Yesterday, the government issued a warrant for Mr. Hashemi's arrest, accusing him of running a death squad that targets security officials. Speaking to reporters in Irbil today, where he's now in de facto exile from Baghdad, Hashemi called the charges "fabricated.... Maliki is behind the whole issue ... all the efforts that have been exerted to reach national reconciliation and to unite Iraq are now gone."
Hashemi, an Islamist rather than a former Baathist, said he'd be willing to face trial in Kurdistan – an indirect charge that the federal judiciary is tainted by political manipulation. Iraqi TV carried footage of guards of Hashemi "confessing," though torture and coerced confessions have been commonplace in Iraq for years.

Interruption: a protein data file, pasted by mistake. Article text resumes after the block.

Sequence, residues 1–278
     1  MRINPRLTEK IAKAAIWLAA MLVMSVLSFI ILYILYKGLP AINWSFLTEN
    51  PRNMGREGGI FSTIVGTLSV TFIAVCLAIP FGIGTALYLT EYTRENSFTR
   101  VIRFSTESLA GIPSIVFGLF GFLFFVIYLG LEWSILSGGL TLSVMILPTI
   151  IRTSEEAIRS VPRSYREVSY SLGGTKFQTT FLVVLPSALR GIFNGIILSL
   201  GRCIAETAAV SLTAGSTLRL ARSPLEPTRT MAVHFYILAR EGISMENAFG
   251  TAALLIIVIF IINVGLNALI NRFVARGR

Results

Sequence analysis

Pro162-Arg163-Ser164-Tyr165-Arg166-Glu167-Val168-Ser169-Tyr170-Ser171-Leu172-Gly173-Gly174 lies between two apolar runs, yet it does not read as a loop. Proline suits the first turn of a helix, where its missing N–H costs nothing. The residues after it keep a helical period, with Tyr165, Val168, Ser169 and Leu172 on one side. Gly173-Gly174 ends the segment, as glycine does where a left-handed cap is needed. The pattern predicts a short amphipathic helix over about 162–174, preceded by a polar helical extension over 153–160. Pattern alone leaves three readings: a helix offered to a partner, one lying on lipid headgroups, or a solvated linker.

The irony that the independence-minded Kurds like Kurdish President Massoud Barzani, repeatedly victimized by Saddam Hussein's Sunni Arab-dominated Iraq, are now being asked to shore up Sunni Arabs, should be lost on no one. But it's just one measure of how dangerous the situation has become, with the minority parties growing increasingly alarmed at the power Maliki is accruing for himself and the failure of Iraq's putative political institutions to rein him in. While the Kurds put group interests in front of national ones, they'd prefer a balancing of powers in the rest of Iraq, rather than the emergence of a single, strong Shiite Arab leader who might make their prerogatives his next target.